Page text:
Antidepressant-induced sexual dysfunction is a frequent side effect which may greatly contribute to treatment non compliance. Mirtazapine has a pharmacological profile expected to result in a lack of sexual dysfunction. The main purpose of this 6-month open-label study was to evaluate the effects of mirtazapine on sexual function of a sample of depressed patients.
Methods: Seventy-eight patients meeting DSM-IV criteria for major depression or adjustment disorder with depressed mood or with mixed anxiety and depressed mood, sexually active prior to the episode, were treated with mirtazapine (15-60 mg/day). Effectiveness was assessed using the 17-item Hamilton rating scale for depression (HAM-D-17), the Hamilton rating scale for anxiety (HAM-A) and the clinical global impression (severity and improvement) scales (CGI). Sexual function was evaluated with the psychotropic-related sexual dysfunction questionnaire (PRSexDQ) which detects clinical changes in sexual dysfunction.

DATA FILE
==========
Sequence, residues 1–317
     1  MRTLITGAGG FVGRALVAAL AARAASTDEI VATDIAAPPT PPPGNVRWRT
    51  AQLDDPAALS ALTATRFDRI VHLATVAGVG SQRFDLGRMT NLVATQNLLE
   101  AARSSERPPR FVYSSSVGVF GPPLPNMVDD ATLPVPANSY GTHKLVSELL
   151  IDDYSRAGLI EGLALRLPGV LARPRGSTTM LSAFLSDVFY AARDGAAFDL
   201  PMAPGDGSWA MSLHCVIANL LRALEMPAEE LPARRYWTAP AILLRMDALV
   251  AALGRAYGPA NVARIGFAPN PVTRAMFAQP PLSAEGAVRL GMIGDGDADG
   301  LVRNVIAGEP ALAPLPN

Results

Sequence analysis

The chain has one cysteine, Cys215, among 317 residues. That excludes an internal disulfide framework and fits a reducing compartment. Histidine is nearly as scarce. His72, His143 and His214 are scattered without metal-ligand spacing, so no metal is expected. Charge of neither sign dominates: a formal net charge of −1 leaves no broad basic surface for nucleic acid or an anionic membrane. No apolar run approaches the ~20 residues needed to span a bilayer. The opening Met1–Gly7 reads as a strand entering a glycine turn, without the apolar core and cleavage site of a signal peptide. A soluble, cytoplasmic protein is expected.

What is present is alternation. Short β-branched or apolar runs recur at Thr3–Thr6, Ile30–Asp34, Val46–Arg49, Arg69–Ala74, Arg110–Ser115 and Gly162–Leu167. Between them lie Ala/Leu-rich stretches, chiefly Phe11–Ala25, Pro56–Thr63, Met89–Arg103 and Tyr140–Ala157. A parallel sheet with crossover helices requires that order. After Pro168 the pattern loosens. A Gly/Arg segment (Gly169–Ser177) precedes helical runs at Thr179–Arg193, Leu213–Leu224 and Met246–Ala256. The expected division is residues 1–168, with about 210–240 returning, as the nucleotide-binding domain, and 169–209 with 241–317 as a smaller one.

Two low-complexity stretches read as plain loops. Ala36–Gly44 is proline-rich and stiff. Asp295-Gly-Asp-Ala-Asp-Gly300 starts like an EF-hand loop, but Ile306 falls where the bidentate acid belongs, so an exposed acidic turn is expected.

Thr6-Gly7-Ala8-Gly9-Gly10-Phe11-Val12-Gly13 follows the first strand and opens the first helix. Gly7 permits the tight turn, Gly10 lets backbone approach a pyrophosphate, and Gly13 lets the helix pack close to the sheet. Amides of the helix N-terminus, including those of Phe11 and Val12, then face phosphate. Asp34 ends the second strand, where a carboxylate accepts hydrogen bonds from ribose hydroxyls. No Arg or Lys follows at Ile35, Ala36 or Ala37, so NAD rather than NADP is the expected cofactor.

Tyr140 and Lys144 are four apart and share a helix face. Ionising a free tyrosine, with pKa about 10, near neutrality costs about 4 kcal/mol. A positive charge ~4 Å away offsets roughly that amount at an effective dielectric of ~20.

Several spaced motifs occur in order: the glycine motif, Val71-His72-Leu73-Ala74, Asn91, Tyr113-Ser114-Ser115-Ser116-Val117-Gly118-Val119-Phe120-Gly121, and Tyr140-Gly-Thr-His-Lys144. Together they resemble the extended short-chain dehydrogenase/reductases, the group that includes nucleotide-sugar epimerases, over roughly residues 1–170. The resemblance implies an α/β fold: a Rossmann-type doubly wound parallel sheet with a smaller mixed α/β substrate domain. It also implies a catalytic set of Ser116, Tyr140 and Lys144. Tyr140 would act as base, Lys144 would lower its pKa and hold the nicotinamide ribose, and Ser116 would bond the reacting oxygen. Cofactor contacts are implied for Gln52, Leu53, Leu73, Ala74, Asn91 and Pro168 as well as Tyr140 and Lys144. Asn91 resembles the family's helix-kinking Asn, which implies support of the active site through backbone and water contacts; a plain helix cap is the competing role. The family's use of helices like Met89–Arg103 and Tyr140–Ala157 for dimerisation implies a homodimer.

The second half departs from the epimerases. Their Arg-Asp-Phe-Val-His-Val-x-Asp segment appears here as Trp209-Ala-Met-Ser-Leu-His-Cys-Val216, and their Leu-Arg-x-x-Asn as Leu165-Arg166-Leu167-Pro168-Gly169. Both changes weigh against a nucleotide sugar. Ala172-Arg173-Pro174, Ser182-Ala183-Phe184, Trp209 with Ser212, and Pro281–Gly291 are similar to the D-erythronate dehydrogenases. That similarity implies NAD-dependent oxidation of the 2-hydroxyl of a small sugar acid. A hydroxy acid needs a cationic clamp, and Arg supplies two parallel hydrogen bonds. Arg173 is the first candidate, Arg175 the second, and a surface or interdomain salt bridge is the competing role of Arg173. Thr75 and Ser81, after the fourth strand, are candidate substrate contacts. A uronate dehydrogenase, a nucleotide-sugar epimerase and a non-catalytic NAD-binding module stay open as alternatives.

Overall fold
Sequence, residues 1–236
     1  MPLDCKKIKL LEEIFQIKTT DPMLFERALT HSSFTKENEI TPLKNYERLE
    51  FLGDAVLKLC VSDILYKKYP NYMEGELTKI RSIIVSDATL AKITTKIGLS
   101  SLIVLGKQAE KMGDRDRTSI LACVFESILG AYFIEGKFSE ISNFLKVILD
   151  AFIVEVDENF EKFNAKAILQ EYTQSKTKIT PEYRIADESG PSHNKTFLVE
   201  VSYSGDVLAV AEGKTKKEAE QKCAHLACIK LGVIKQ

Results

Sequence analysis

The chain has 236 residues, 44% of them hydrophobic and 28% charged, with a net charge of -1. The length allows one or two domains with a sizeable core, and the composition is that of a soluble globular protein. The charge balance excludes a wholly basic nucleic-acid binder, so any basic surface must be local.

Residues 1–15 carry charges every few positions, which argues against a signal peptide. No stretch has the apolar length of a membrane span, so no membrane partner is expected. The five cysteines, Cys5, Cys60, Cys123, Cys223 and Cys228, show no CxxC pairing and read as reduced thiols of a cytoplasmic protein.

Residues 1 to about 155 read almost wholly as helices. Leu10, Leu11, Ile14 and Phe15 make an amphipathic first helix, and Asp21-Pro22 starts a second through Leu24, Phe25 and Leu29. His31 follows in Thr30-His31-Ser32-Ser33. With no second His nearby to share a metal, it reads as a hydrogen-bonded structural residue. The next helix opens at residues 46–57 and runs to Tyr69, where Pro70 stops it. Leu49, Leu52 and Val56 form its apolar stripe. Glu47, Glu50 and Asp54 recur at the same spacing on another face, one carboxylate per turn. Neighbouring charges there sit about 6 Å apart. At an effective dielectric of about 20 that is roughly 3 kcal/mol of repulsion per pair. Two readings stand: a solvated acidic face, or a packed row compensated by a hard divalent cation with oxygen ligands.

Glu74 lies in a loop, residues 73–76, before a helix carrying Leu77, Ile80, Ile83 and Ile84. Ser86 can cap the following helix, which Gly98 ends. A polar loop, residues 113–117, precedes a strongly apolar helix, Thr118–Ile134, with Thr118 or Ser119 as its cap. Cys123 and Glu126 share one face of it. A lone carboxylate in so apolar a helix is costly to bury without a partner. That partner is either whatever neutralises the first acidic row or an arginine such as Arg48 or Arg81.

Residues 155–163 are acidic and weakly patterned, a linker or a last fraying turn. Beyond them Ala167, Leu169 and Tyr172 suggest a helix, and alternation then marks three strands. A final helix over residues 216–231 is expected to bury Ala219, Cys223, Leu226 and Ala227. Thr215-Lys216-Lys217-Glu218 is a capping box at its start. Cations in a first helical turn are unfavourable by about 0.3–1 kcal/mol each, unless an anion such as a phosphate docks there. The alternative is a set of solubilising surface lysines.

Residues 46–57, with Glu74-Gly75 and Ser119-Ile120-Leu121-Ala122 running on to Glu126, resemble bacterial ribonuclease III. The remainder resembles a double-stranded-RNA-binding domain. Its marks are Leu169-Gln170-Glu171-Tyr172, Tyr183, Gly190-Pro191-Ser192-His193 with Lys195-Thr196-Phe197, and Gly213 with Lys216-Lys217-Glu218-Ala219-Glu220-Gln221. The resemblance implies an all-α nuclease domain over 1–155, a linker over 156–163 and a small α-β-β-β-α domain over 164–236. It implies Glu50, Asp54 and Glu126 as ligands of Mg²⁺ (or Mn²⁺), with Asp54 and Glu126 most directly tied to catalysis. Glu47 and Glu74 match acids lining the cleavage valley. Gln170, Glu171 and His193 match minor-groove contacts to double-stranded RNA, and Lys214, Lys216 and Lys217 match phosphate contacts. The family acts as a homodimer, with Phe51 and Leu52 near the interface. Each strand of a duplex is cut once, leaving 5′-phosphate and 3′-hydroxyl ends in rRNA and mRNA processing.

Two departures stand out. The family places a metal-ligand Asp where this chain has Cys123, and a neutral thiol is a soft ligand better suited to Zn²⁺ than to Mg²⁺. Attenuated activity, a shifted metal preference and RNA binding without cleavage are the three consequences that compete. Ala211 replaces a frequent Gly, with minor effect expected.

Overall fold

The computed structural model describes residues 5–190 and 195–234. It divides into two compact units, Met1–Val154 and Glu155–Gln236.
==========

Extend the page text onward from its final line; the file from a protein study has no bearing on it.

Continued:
Results: Forty-eight patients (61.5%) were experiencing sexual dysfunction at baseline. A return to normal sexual functioning was observed in 27 of 38 (71.1%) patients completing the study. Significant reductions in mean total PRSexDQ scores were detected at day 90 and endpoint and only four patients withdrew or required dose reduction due to mirtazapine-induced sexual dysfunction. A total of 37 patients (47.4%) achieved complete remission of depression (HAM-D-17 score <or= 7) at endpoint. Only seven patients (9.0%) withdrew the study because of adverse events.
Conclusion: Mirtazapine showed in this study that it is an effective and well-tolerated antidepressant treatment with a possibly lower incidence of sexual side effects than other antidepressants.
Copyright (c) 2005 John Wiley & Sons, Ltd.